Fukushima Nuclear Plant Radioactive Waste Flowed Into Bay for Five Years After Disaster

Radioactive waste from the Fukushima Daiichi nuclear power plant in Japan flowed into Tokyo Bay for five years after the 2011 disaster, according to a new study.

Hideo Yamazaki, a former professor of environmental analysis at Kindai University told The Asahi Shimbun that 20,100 becquerels of cesium per square meter were found in the mud of the Kyu-Edogawa river five years after a tsunami caused the meltdown of the plant.

Cesium-137 is a dangerous fission product that is a radioactive isotope found in nuclear reactors and nuclear weapons. The waste in the river was emptied into the Tokyo Bay.

Yamazaki's team measured a maximum of 104,000 becquerels of cesium per square meter from the mud he and his study team collected in July 2016 in the same area of the bay. The cesium that was released at the beginning of the Fukushima plant meltdown was located upstream in the river in Chiba prefecture. The substances eventually moved downstream into the Tokyo Bay and seeped into the mud, Yamazaki told the publication. A becquerel is the International System of Units (SI) used to measure radioactivity.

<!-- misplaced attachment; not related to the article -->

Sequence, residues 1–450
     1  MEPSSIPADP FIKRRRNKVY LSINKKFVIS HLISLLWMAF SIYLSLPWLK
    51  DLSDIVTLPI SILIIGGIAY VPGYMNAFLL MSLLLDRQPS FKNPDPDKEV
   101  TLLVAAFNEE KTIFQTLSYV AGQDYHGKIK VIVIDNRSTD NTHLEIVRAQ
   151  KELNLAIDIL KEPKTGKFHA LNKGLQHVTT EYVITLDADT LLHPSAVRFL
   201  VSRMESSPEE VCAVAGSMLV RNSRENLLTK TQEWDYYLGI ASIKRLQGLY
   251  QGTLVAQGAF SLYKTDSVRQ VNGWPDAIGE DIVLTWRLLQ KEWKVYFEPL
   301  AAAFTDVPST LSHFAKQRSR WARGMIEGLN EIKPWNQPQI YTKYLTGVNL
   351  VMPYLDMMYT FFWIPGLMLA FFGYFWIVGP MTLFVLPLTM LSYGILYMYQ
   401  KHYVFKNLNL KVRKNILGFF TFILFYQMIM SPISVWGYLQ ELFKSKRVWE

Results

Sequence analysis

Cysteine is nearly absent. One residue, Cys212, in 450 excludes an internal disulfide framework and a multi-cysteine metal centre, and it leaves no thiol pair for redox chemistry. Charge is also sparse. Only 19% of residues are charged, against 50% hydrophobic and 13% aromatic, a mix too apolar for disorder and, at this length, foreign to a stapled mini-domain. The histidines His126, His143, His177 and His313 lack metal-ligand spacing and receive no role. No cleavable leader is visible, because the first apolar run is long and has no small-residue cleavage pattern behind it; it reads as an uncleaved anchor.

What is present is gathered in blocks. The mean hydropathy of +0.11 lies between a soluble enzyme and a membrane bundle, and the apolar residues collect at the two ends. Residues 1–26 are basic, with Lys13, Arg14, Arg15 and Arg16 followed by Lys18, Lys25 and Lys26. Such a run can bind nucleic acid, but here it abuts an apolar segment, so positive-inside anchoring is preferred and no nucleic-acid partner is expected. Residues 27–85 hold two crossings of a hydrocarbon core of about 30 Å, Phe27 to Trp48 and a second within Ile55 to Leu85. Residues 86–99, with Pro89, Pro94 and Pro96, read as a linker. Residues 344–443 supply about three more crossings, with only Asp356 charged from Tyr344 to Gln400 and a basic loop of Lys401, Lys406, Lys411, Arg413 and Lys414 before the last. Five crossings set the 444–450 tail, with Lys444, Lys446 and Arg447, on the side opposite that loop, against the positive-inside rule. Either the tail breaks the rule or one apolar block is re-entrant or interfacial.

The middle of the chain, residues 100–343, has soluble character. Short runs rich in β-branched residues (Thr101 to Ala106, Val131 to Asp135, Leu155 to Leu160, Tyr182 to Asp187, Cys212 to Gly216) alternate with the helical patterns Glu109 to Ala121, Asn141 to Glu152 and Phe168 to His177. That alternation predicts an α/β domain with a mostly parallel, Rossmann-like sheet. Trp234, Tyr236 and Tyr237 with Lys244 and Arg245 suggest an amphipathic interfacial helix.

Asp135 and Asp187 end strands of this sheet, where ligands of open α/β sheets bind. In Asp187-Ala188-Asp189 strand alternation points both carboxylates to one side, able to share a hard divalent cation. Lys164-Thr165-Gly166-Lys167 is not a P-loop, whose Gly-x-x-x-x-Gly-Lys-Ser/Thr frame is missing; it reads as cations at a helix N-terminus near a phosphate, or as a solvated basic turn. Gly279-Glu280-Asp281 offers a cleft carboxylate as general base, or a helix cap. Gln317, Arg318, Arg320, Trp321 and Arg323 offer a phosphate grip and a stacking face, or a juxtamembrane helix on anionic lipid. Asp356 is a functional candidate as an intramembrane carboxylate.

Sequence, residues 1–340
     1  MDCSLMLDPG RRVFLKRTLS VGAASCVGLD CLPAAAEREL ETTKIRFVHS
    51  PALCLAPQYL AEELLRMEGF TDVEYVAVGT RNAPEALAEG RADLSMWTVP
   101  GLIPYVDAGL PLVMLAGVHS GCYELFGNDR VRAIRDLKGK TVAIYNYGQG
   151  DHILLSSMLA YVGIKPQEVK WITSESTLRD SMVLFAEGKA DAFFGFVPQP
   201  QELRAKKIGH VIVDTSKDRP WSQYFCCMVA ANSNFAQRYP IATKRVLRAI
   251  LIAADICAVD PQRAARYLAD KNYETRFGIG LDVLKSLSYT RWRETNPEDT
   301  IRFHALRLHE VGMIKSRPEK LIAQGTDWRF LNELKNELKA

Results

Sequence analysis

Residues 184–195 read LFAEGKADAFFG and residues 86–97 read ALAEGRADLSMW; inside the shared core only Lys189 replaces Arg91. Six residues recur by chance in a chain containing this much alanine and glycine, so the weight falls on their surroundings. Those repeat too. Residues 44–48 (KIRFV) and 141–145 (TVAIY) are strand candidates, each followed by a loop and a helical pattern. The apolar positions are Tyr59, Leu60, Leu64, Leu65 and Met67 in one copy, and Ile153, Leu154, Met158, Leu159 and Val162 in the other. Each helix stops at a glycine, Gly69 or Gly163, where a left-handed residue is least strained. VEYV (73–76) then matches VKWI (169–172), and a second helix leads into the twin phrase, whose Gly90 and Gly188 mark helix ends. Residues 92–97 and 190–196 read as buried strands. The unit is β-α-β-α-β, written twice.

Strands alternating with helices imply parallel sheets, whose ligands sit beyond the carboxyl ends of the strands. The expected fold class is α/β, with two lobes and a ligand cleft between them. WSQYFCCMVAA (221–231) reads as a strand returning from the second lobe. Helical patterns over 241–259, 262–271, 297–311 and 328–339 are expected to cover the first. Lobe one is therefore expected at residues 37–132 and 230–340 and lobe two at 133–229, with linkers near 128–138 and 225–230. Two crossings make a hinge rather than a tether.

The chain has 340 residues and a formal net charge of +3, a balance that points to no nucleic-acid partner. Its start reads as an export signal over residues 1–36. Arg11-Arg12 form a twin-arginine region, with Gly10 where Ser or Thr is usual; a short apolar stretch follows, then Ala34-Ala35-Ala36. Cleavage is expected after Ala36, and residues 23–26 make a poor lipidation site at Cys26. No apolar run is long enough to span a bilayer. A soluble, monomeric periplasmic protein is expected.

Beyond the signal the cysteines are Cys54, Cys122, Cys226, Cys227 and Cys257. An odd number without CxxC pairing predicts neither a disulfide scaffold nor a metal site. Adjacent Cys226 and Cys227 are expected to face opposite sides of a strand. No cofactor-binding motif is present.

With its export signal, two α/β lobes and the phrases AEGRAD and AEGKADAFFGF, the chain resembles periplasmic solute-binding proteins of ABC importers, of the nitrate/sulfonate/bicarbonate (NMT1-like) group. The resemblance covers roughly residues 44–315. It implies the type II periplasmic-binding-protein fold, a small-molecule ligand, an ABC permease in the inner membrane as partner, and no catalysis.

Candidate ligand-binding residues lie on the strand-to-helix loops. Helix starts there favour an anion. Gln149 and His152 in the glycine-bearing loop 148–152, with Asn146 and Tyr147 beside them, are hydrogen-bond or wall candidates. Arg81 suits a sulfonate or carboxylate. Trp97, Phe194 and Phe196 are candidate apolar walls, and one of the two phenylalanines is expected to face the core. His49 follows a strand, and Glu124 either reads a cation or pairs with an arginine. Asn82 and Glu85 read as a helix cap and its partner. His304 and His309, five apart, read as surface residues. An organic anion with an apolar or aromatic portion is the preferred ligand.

A guard motions at a checkpost exit from the exclusion zone in the town of Futaba, in Fukushima prefecture, Japan, on March 5. A researcher measured 20,100 becquerels of cesium per square meter in mud at the Kyu-Edogawa river, which empties into the Tokyo Bay, five years after the disaster. BEHROUZ MEHRI/AFP/Getty Images

The highest level of radioactivity that was found in the mud during the 2016 study was 350 becquerels, The Asahi Shimbun reported. The Japanese government has said soil with 8,000 becquerels or lower of radioactive cesium per kilogram could be used in constructing new roads.

The flow of the dangerous radioactive chemical came after a 9.0 magnitude earthquake and tsunami that struck Japan on May 11, 2011. The devastating events left up to 20,000 people dead or missing. The tsunami slammed into seawalls and caused a power outage at the Fukushima Daiichi nuclear power plant. The natural disasters caused three out of the six nuclear reactors of the Fukushima No. 1 plant to have severe meltdowns.

In April, an employee at the plant during the time of the meltdown told a Japanese court that his former boss kept delaying the construction of a protective wall despite knowing that a tsunami could hit the plant.

A safety test conducted in 2008 proved that if an earthquake would strike, it could cause a 52-foot high tsunami, The Asahi Shimbun previously reported. The employee said the Tokyo Electric Power Company (TEPCO) was ready to build the wall, but former TEPCO Vice President Sakae Muto dropped the project.